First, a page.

Overall, one of the best I’ve read yet.

Rating: Very Satisfactory

You can find all the Nero Wolfe books in Kindle, Audiobook, and book form on our Nero Wolfe page.

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Book Review: The Secret of Father Brown

Have you wondered how the great detectives solved their cases? In The Secret of Father Brown, while visiting Flambeau’s house Father Brown meets a curious American who has to know as some of his countrymen think Father Brown is using mystical powers. Father Brown offers his explanation:

“You see, I had murdered them all myself,” explained Father Brown
patiently. “So, of course, I knew how it was done.”

Grandison Chace had risen to his great height like a man lifted to the ceiling by a sort of slow explosion. Staring down at the other he
repeated his incredulous question.

“I had planned out each of the crimes very carefully,” went on Father Brown, “I had thought out exactly how a thing like that could be done, and in what style or state of mind a man could really do it. And when I was quite sure that I felt exactly like the murderer myself, of course I knew who he was.”

Even after further explanation, the American still doesn’t quite get it, so Father Brown introduces the stories as case studies in his method.

The eight mysteries that followed are asolid group. While, I don’t think the cases rise to the level of the brilliance of the Incredulity of Father Brown, there’s not a bad story in the lot.  Probably the weakest stories in the volume  are The Song of the Flying Fish and The Red Moon of Meru and that’s only because they seem similar similar to other attempted theft stories in other volumes.

Three of the cases were chosen for adaptation in the 1970s Father Brown TV series and are probably the best cases in the book:

“The Mirror of the Magistrate” finds Father Brown insisting that a revolutionary poet is innocent of murdering a judge. Father Brown’s ability to see the events from the poet’s perspective helps him avoid the assumptions the police fall into.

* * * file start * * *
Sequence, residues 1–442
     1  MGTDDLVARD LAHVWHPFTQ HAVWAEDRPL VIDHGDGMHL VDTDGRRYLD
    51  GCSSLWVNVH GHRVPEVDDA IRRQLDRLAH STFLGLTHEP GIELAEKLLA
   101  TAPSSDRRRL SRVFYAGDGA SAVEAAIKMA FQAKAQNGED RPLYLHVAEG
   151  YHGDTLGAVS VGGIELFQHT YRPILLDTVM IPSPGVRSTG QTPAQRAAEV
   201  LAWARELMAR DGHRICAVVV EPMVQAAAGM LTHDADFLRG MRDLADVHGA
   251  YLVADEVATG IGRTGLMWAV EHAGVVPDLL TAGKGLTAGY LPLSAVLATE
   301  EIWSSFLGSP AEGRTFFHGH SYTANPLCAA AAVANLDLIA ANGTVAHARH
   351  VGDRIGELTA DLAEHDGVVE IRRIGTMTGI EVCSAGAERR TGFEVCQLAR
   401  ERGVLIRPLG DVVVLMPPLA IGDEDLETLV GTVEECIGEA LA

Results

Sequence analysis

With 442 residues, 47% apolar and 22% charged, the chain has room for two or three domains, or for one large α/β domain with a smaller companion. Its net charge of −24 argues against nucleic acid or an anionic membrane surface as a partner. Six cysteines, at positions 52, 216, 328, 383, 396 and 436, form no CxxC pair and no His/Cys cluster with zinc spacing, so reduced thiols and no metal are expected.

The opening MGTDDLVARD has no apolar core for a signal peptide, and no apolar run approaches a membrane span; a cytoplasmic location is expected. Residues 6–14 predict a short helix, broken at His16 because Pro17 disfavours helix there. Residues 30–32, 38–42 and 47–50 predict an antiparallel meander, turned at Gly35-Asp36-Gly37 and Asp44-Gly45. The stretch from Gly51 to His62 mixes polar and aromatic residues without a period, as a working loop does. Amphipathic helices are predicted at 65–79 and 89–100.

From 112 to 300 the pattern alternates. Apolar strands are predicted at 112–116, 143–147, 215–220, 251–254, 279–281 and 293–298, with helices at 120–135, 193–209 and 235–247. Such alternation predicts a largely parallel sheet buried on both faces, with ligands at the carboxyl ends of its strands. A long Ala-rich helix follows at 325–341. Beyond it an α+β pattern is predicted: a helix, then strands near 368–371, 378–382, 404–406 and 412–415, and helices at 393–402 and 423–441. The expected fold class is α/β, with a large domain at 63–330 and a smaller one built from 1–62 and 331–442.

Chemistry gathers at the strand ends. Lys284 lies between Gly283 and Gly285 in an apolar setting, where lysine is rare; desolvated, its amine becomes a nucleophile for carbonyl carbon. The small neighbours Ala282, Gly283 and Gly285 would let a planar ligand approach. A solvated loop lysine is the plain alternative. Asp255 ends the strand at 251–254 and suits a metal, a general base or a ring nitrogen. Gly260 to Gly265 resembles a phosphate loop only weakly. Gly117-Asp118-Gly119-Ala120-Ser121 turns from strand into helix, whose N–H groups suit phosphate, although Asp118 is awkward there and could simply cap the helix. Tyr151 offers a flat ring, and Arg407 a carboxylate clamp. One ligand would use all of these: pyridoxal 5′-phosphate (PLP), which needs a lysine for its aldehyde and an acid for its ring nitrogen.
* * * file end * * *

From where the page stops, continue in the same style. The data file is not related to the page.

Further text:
“The Man with Two Beards” finds police searching for a famous jewel thief who has emerged to rob again. He’s apparently killed while committing another robbery, but is that what really happened?  Father Brown probably faces one of his most clever and surprising adversaries in this case.

“The Actor and the Alibi” tells the story of a theatre owner being murdered where everyone seems to have an alibi. This is a case where nothing is what it seems and Father Brown has to see through  a clever rouse.

In addition to this there are a couple other noteworthy stories: “The Vanishing of the Vaudrey” is perhaps the darkest Father Brown tale I’ve read yet, while “The Chief Mourner of Marne” is one of the more profound. A man has secluded himself and is in mourning. Rumor has it that Catholic monks have forced him to do it due to a duel he fought with his brother. Father Brown seeks to uncover the truth and clear the Church of scurrilousness charges. Along the way, the story provides enormous food for thought on forgiveness.

Overall, this is a great collection with eight mysteries that will appeal strongly to any Father Brown fan and also showcases some interesting developments and growth in Chesterton’s philosophy.

Rating: 4.75 Stars out of 5.0